This doesn’t mean we should be unconcerned about those not in full communion with Peter, for they are –though unaware of it– deprived of the fullness of grace and Truth which is found only in the Catholic Church (the Seven Sacraments, the infallible Magisterium, Sacred Tradition, a complete Bible, the spiritual writings of the saints).  Indeed we should long for those outside full communion to come home and be fully nourished, and should work for their return home. To borrow an analogy from a friend of mine, ‘which of us sitting down to beef and potatoes beside a poor man with tomatoes on toast wouldn’t offer to share our meal with him?  We wouldn’t dream of saying, “Well, I don’t feel too bad because at least you’ve got something to eat”’.
The point is that as baptised people we are in one of three states: we are either sincere Protestants who repudiate the authority of the Catholic Church per se; Catholics who trust the Church and submit to her teaching in both will and intellect, or catholics with a small ‘c’ who reject the Church’s authority and are therefore informally Protestant. It is not good enough for such catholics to say, “I consider myself Catholic but I respectfully disagree with the Church on some issues. I don’t believe contraception is intrinsically evil...that the Pope is infallible” etc. Such persons are protesting against the Church and her teaching, which is to protest against Christ, cf. Lk.10:16; they are rejecting two thousand years of teaching guided by the Holy Spirit (Jn.14:25-27). It is God with whom they have their disagreement, not an earthly institution.
Sadly this rejection is too often the case today.  How many of us know people who are nominally catholic, yet reject articles of the Faith or concrete moral teaching that they haven’t fully studied or understood, or which conflict with their lifestyle choices and personal desires? I find it disappointing to note how many Catholics I know who, when challenged on the Faith, say “I don’t know, you’ll have to ask a priest” or worse, “I’m not sure I believe it myself”, and yet have no hesitation in dogmatically declaring on their own authority that the Church is wrong on contraception, abortion, same-gender marriage etc –despite two thousand years of Church teaching on these issues under the formal guidance of the Holy Spirit. Any call to come home during the new evangelisation then, is and must be addressed first of all to catholics with a small ‘c’, and only then to our separated brethren.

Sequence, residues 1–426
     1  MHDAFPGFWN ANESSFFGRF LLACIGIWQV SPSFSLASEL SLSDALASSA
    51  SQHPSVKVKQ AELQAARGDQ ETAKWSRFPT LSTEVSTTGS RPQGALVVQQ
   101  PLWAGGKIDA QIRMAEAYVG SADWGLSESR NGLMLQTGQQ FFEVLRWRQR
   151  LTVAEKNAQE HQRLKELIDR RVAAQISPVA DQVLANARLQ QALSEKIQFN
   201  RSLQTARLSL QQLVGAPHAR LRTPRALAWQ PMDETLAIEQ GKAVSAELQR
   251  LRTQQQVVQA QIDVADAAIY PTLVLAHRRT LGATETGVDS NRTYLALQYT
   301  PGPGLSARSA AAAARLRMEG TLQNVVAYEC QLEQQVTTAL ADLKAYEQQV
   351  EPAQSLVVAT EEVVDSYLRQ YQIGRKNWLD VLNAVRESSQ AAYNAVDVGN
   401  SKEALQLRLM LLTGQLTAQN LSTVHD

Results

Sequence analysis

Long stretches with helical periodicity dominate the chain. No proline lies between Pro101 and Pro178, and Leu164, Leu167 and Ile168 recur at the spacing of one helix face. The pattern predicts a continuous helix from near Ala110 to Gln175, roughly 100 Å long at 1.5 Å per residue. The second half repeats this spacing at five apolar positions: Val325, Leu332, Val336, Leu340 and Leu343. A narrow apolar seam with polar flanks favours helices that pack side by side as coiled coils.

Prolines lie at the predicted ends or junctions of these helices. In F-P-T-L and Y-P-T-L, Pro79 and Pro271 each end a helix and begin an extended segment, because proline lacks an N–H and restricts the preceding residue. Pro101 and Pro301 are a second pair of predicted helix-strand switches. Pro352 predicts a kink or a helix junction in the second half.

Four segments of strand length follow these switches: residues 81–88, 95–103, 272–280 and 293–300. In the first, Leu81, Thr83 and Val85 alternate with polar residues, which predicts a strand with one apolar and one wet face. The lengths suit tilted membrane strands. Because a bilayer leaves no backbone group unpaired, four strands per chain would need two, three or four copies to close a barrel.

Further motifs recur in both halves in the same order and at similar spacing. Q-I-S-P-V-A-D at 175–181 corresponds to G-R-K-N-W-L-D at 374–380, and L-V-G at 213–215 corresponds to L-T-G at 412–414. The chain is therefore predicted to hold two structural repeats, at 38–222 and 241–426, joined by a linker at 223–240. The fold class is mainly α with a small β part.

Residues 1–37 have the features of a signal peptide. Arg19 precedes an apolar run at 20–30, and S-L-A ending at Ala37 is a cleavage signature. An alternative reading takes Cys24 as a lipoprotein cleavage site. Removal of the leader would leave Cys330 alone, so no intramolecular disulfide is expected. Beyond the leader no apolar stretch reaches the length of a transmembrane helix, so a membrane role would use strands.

Wednesday, 24 October 2012

Vatican II and the Synod on the New Evangelisation

It has been recalled on Rorate that the day after his election, in his Urbi et Orbi radio message, Pope John-Paul II said there were things which were “implicit” in the texts of Vatican II:  “those things which lie hidden in it or—as is usually said—are ‘implicit’ may become explicit in the light of the experiments made since then and the demands of changing circumstances.” This is an incredible statement, allowing for, as it does, an unending life for Vatican II. It also allows for a particular slant to be given to the words of Cardinal Daneels that Vatican II is actually the ‘Vatican III’ some have called for:

Occasionally here and there, the idea is put forward about the desirability or even the need for a Vatican III ... is not the full realisation of Vatican II the real Vatican III for right now?
Lecture, 18 October 2012, St George’s Cathedral, Southwark.

Is the Cardinal seeking to read “the implicit” in Vatican II, or is he seeking a full and faithful implementation of Vatican II in line with Tradition? I hope it is the latter. After all, if Vatican II can become Vatican III, it can also become Vatican IV, Vatican V, Vatican VI and so on until the world ends, so that no other Council is ever necessary. It is absurd that such a non-stop Council exist. I am of the opinion that it is now, more than ever that we need to return to the actual texts of Vatican II (and, if there are any, to the ‘implicit meanings’) and read them and only in the light of Tradition. Why? Because the texts must surely express the mind of the Fathers, and that mind must be in line with what the Church has always believed, otherwise the Faith has been ditched in order to create a new religion. I thus hope and pray then that the Synod for the New Evangelisation and the Holy Father require a faithful reading of the text itself.